White House: Obama to announce new Defense Secretary pick Friday

Willie Grace | 12/4/2014, 10:26 p.m. | Updated on 12/4/2014, 10:26 p.m.
Obama adviser Michele Flournoy was initially considered to be a frontrunner for the position after Hagel announced he'd be leaving, ...
Earlier, Carter served as assistant secretary of defense for international security policy under President Bill Clinton, emerging as an expert in nuclear weapons policy.

(CNN) -- President Barack Obama will announce his pick for Secretary of Defense on Friday morning, White House Press Secretary Josh Earnest said Thursday afternoon during the daily White House briefing.

Obama is slated to nominate Ashton Carter, former second in command at the Pentagon, as CNN has previously reported.

Pending confirmation in the Senate, Carter will succeed outgoing Secretary of Defense Chuck Hagel, who announced his resignation last week. Hagel has said he will stay on board until a successor is confirmed.

Carter, 60, served as Deputy Defense Secretary under both Hagel and Obama's first Secretary of Defense Leon Panetta. He'd be the fourth secretary of defense of Obama's six-year tenure including Robert Gates, a hold-over from President George W. Bush.

Some consider Carter the last man standing for a job others have declined.

Obama adviser Michele Flournoy was initially considered to be a frontrunner for the position after Hagel announced he'd be leaving, leaving room for her to make history as the first woman to hold the post. But she quickly took her name out of the running in a letter to the Center for a New American Security, a think tank she co-founded in 2007.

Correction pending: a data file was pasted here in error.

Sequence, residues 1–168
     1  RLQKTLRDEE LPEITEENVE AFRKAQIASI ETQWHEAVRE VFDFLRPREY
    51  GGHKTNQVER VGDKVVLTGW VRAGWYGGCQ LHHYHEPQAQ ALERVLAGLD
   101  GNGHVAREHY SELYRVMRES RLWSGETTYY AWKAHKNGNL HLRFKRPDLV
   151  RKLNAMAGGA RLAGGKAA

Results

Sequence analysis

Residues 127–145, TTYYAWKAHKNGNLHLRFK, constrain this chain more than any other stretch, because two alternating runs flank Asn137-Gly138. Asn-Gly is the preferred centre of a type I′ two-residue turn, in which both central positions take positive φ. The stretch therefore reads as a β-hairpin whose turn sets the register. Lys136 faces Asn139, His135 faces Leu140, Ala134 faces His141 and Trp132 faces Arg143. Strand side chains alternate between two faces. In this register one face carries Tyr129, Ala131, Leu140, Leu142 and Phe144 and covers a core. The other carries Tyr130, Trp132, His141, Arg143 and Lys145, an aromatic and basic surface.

Other potential replacements who took their names out of consideration include Senator Jack Reed (D-R.I.) and Secretary of Homeland Security Jeh Johnson.

Carter, who has worked at the Pentagon for years but has largely remained outside the spotlight, is regarded as a top intellect on national security issues by those who work with him. His admirers include Gen. Martin Dempsey, chairman of the Joint Chiefs of Staff, who called him an "uber-wonk" at his farewell ceremony when Carter left the Defense Department in 2013.

From 2011 to 2013, Carter worked as deputy secretary of defense, maintaining a portfolio that includes a $600 billion annual budget and over two million civilian and military personnel. He took up a job as an undersecretary in the Department of Defense shortly after Obama's first inauguration.

Earlier, Carter served as assistant secretary of defense for international security policy under President Bill Clinton, emerging as an expert in nuclear weapons policy.

And before his tenure in the public sector, he was a professor at Harvard University and worked as the director of the Center for Science and International Affairs at Harvard's John F. Kennedy School.

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